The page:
We use the word that as a conjunction to introduce a subordinate clause to make a statement or provide more information. In many instances, the conjunction that may be left out without affecting the meaning of the sentence.
Some basic ideas of the conjunction 'that':
- That as a conjunction is commonly used.
- That introduces that-clauses.
- That-clauses can be the subject or object of a sentence.
- That can be left out but not if it begins a clause.
The following show how the conjunction that is used.
The conjunction that introduces that-clauses which are subordinate clauses. A subordinate clause cannot stand on its own as a complete sentence.
It is quite likely that we will be late for the firework display.
The part of the above sentence in bold is a that-clause. We cannot use it as a sentence.
Wrong: That we will be late for the firework display.
Wrong because it is a subordinate clause, also called a dependent clause. It must be joined to a main clause to make a complete sentence. The main clause in the above sentence is It is quite likely.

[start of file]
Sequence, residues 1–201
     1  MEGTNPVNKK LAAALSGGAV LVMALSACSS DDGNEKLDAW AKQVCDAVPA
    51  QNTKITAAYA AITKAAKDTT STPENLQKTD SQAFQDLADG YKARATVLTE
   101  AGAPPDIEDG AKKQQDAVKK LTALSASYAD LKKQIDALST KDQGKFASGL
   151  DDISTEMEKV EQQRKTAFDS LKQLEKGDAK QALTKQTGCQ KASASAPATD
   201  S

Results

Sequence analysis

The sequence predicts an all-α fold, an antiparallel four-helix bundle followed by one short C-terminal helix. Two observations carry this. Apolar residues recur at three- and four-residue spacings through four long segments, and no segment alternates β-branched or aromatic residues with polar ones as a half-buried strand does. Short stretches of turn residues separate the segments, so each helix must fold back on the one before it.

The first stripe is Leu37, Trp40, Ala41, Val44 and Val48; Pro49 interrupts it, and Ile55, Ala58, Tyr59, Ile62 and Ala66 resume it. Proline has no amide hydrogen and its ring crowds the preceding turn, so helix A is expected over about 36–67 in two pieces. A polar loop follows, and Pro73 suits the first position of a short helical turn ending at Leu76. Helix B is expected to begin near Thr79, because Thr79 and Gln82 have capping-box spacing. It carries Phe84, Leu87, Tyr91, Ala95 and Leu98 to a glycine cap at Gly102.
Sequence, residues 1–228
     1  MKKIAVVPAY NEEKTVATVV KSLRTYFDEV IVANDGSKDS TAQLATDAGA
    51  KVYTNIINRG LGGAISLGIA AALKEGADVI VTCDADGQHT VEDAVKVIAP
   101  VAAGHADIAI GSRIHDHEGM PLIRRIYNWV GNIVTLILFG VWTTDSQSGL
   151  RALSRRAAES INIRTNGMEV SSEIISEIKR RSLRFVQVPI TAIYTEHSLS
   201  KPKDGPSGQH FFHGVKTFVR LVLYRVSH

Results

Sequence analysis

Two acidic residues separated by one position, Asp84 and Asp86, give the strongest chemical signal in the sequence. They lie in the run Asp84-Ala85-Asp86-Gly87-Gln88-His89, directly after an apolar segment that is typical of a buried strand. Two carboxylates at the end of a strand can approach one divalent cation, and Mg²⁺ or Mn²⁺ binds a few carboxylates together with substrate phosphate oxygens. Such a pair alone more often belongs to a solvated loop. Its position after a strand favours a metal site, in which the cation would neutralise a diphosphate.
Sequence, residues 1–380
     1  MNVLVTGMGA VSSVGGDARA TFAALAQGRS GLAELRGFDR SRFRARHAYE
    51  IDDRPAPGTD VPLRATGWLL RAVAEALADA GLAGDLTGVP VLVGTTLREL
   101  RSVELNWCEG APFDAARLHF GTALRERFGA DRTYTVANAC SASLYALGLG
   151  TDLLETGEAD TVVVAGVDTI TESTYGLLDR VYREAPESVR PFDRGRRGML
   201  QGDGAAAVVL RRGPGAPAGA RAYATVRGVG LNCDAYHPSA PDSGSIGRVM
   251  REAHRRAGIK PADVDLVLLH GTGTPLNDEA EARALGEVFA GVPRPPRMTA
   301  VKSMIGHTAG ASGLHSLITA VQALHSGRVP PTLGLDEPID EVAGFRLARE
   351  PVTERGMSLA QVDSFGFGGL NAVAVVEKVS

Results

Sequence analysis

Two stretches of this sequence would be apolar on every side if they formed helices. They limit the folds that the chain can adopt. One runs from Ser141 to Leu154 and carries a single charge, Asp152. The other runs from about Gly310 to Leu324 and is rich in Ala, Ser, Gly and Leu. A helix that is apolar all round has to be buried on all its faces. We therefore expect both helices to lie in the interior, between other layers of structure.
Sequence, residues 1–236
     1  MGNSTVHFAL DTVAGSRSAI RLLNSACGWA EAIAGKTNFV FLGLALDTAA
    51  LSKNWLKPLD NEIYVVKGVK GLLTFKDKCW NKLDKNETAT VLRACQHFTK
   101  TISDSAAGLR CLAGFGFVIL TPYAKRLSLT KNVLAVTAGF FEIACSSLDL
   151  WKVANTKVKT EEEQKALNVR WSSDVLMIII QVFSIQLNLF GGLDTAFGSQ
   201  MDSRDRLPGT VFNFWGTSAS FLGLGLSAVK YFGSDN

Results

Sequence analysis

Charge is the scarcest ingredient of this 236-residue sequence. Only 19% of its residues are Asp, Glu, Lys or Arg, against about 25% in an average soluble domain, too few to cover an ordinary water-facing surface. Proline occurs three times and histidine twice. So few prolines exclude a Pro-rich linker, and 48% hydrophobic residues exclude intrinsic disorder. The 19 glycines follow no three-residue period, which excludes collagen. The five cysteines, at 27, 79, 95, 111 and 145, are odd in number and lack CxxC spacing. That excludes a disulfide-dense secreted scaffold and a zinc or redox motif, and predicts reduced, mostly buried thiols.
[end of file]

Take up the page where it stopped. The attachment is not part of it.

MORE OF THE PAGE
A that-clause can come at the beginning of a sentence as the subject or at the end of a sentence as the object.
We can leave out that wherever it may appear in a sentence but not if it is at the beginning.
Each is a pair of words which together are used as a conjunction:
1. providing/provided that = on the condition that; if.
- We will be there early providing that we can catch the first train.
- We welcome her to come along provided that she can stay out late.
That in the above two sentences can be omitted.
2. Assuming that = accept as true without proof.
- I think she will marry the wealthy boss's son even assuming that she doesn't love him.
3. Seeing that = because; accepting the fact that.
- You may as well join them, seeing that they need another volunteer.